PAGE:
We get it, everyone is tired of hearing about COVID and unemployment; unfortunately, the reality for a large portion of the American population involves some amount of unemployment benefits.  Naturally, you might be wondering what kind of implications this will have on your 2020 taxes at the beginning of the year.

As Atlanta and Stone Mountain residents start to collect documentation and organize financial information for 2020 taxes, it will be important to consider all of the unemployment checks you have received, as well.  Here are a few tips and things to consider as you prepare to file for 2020.

Unemployment Form 1099-G
At the beginning of 2021, you should receive a form from the government that lists all of the unemployment pay you received for 2020.  This important documentation will list what, if any, federal taxes were withheld from your checks each week.  When combined with your partial employment from before layoffs and furloughs, you may end up owing some taxes at the end of the year.  If you are concerned about this, don’t hesitate to reach out to tax specialists like us at NTRC Tax – we can help you optimize your filing so that you get the largest refund or pay as little in back taxes as possible.

Avoid Surprises
As with any change in employment, it’s always best practice to consider your withholdings and filing status.  If you just recently applied for unemployment, get ahead of the game and have the government withhold taxes from each check as it comes to you.  In addition, once you regain employment, you’ll want to double-check with your employer that the withholdings (usually confirmed with a W-4 withholding certificate) were adjusted correctly to reflect your situation.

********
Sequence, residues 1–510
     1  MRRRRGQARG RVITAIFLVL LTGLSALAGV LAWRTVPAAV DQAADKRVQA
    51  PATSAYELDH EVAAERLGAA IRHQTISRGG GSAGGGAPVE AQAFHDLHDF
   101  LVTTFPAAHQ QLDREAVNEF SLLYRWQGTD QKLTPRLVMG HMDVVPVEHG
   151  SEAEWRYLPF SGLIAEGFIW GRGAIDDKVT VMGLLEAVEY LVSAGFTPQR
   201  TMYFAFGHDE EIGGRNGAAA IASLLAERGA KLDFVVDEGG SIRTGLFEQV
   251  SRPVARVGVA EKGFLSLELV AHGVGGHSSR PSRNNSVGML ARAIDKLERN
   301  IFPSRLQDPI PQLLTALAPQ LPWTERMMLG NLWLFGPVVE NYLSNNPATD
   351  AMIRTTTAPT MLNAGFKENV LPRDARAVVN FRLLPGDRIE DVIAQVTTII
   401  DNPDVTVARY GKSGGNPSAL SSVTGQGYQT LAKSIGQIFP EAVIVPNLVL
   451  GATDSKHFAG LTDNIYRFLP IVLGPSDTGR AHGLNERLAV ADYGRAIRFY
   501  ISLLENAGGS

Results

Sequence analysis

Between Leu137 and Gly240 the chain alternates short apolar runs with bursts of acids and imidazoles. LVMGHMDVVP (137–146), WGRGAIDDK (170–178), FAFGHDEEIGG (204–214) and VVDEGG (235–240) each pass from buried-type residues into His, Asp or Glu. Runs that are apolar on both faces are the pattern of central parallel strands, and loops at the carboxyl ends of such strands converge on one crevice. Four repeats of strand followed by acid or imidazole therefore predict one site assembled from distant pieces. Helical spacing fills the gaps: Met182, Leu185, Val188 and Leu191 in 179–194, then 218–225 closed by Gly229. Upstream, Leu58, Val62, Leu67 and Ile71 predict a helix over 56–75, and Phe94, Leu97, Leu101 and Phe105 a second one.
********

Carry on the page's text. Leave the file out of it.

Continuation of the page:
In addition, self-employed persons may have claimed unemployment in addition to their earned income, which would affect 2020’s taxable income.  Make sure to take into account all of the CARES Act relief that may apply to your personal or business income.

Your Total Income Has Changed
No matter how you look at it, your tax bracket might have significantly changed this year; this means that you may be eligible for deductions and reductions (like the Earned Income Tax Credit) that you were not previously able to claim.

If you have any questions in regards to reductions, deductions, credits, or brackets, please don’t hesitate to reach out to our team of tax professionals.  We know that this year has been tough on everyone, but it has been especially difficult for those who have lost wages and hours due to the coronavirus pandemic.  We’re here to help – simply give us a call.

Share This

Share this post with your friends!